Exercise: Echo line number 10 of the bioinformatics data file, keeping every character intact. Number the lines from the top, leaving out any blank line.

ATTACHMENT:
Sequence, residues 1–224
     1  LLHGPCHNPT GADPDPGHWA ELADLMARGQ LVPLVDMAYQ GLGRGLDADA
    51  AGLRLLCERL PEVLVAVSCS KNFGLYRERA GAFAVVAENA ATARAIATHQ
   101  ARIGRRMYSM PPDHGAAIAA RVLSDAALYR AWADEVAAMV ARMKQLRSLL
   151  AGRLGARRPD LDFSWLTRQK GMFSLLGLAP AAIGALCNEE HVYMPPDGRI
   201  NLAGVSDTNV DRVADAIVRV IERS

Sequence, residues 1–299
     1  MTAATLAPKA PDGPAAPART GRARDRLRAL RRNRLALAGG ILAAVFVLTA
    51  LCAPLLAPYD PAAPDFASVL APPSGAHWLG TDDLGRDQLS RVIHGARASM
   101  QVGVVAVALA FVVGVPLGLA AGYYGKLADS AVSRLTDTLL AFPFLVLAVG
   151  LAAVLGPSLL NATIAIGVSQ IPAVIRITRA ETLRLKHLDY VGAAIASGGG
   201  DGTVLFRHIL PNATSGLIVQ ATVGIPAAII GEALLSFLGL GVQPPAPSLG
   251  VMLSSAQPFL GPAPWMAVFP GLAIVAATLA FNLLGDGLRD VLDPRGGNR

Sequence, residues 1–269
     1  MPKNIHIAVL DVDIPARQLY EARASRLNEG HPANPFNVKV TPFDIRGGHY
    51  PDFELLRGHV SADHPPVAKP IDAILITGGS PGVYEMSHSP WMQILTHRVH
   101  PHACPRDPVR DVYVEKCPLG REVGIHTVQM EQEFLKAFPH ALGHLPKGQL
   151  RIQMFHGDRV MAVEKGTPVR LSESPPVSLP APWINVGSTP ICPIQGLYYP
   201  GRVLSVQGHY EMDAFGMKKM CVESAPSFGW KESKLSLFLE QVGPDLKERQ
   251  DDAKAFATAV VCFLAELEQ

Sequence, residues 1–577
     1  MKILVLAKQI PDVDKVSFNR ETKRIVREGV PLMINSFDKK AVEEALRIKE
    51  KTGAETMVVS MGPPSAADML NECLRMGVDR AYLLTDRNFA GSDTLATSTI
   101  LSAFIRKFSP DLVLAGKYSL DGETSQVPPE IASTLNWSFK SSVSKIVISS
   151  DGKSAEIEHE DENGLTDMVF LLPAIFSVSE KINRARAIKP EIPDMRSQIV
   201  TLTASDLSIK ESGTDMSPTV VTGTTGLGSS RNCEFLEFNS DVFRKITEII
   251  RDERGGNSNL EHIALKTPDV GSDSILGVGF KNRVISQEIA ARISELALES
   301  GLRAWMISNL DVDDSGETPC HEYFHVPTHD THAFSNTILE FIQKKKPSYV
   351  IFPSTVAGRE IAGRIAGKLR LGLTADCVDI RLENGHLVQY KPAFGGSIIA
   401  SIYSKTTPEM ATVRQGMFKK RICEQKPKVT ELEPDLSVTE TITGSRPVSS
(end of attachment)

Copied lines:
   101  QVGVVAVALA FVVGVPLGLA AGYYGKLADS AVSRLTDTLL AFPFLVLAVG